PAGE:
Charlie wants to visit some of the other gardens. There are many gardens and Karen Caldwell, the head gardener, next shows Charlie some of those gardens. We first visit a sunken garden. Here Marcia created a micro climate. Most of Vermont is zone 4 so it really limits some of the plants that can be grown. But by having this micro climate in the sunken garden they're able to grow some additional perennials, annuals and get a jump on their vegetable garden. They increase the area a whole hardiness zone, for example they have a zone 6 plant here. Most people in this area plant their vegetable garden around the end of May but here they plant their vegetable garden towards the end of April, adding almost an entire month to the beginning of the season and several weeks to the end of the season. As well they grow Eggplant which normally isn't easily grown in Vermont gardens. This is possible because this garden is about 4 feet below ground level and the walls of the garden are about 3 feet high providing a micro climate. There is more to the garden than meets the eye. Below the garden there's a big drainage system comprised of drainage pipe and about 2 feet of sand and gravel. This is important because with the New England snow this would be a swamp or sunken pool until July.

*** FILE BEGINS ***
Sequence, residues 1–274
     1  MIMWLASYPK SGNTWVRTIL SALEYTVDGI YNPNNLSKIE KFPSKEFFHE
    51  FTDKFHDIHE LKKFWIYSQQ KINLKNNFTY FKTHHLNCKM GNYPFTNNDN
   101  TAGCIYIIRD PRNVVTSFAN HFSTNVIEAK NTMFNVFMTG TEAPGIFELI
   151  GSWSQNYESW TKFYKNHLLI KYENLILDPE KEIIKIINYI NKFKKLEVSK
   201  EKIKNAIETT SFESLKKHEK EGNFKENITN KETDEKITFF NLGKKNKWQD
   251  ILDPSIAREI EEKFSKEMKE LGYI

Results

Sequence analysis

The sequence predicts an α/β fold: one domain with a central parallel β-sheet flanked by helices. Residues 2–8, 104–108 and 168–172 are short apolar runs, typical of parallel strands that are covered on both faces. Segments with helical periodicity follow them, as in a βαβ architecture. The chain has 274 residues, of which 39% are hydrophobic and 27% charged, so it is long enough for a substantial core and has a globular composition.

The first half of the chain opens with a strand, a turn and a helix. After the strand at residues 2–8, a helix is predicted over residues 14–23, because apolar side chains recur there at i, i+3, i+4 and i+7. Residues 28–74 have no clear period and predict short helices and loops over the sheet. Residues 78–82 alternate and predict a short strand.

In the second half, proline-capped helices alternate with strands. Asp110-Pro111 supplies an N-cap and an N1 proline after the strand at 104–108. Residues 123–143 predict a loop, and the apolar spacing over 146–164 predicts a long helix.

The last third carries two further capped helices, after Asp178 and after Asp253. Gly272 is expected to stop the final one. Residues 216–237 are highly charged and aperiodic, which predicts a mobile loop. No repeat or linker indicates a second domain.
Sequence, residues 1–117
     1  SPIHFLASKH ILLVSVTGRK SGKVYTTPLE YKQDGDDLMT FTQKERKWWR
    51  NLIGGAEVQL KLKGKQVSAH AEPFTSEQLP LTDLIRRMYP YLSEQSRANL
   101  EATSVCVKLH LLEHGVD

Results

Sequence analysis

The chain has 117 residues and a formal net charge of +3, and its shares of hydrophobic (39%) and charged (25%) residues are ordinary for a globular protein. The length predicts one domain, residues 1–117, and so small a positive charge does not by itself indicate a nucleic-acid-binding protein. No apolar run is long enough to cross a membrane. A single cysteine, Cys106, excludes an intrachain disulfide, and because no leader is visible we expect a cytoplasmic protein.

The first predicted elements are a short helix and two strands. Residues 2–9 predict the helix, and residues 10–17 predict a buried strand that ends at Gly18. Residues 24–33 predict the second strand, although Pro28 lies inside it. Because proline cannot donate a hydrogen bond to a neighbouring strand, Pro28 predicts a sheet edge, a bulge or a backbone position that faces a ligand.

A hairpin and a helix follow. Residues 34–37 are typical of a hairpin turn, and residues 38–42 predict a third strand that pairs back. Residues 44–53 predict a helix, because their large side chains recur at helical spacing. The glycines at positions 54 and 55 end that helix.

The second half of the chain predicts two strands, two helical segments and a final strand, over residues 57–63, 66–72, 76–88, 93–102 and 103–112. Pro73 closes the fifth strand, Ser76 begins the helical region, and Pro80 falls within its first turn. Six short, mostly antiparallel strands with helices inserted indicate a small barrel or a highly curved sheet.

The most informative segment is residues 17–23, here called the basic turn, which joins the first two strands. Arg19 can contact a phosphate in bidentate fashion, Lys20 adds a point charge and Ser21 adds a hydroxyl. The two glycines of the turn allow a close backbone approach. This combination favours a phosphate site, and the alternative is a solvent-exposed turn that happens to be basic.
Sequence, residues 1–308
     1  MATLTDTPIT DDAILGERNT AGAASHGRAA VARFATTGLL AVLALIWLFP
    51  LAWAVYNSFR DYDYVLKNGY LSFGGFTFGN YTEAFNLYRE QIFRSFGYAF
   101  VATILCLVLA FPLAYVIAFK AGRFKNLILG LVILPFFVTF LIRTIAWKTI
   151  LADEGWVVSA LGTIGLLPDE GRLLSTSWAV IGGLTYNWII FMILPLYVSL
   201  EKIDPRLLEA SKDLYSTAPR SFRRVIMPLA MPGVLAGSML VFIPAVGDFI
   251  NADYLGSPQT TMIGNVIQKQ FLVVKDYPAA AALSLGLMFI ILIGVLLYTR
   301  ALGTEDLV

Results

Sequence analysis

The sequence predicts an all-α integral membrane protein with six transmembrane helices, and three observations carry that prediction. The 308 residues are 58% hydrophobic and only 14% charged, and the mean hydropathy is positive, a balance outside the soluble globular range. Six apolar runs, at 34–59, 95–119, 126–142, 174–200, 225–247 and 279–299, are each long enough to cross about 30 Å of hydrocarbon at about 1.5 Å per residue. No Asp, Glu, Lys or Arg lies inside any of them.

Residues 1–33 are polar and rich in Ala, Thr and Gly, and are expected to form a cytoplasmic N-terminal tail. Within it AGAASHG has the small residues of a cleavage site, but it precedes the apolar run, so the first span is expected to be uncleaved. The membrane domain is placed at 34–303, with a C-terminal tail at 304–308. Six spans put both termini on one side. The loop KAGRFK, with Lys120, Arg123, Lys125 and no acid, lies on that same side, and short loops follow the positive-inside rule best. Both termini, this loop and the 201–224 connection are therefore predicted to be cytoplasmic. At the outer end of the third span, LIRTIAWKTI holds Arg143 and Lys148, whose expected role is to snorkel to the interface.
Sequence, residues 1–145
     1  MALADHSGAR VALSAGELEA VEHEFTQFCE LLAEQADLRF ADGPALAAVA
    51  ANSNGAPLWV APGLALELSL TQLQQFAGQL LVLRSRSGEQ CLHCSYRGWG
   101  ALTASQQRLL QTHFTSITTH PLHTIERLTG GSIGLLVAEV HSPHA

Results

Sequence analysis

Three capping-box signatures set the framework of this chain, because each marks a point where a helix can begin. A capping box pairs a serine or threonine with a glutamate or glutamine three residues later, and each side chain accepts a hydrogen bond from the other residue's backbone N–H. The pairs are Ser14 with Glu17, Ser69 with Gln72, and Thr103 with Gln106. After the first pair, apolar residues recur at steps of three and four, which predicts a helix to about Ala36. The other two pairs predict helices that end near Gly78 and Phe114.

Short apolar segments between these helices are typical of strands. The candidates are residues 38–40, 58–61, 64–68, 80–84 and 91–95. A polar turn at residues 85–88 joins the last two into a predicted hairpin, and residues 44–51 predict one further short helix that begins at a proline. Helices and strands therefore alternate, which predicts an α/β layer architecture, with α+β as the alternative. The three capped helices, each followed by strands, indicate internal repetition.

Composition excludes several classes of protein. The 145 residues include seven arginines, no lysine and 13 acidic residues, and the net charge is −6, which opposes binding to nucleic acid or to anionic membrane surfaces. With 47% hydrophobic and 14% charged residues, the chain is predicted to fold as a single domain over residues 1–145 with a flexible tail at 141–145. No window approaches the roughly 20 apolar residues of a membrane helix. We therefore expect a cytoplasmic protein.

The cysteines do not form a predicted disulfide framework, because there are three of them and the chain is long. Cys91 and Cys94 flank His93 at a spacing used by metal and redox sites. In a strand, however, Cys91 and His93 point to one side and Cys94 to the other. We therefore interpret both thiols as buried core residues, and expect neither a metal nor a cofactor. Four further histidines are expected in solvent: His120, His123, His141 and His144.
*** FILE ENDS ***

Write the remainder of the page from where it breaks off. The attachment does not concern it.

We take a tour of another garden starting with some containers with unusual grasses. One is new to them and is filled with Juncus Grasses which they will bring into the sunroom this winter, since new they don't know what to expect. It's a tropical grass with unusual shapes and very attractive. They're fun and real conversation pieces. One is called Unicorn Grass and looks like a unicorn. Another has a smaller habit, is curly and called Curly Locks. The third is a Lemon Twirl Juncus and is more compact than the others. These are unusual to grow in containers, easy to keep, Karen doesn't know how large they'll get but will watch as they grow. This garden has mixes of vegetables integrated into the flower beds which are comprised of annuals and perennials. Marcia's husband, Peter, likes Asparagus so to please him they combined a flower bed with vegetables. To keep it pretty Marcia added vegetables with color, for example, Brightlight Swiss Chard, a beautiful rainbow of colors-red, yellow and orange. In the back is a Cardoon, a relative of the Artichoke. They're wonderful blanched and put into antipasto. But they're primarily grown for their architectural strength at the back of the garden. By the end of summer or early fall they'll be 4 to 5 feet tall and add a nice scope to the back part of the garden. In the front is Snapdragon, Red Cabbage and a new Phlox. The Phlox is a new variety, now available in garden centers, called Phlox Intensia, these plants are lavender and magenta colored. In the past they've grown Phlox Drummondi and they're beautiful but a lot of work. They require almost daily deadheading, removing the old flower heads. The new variety doesn't required deadheading, they look great and the flowers keep coming. It is stunning next to the Red Cabbage.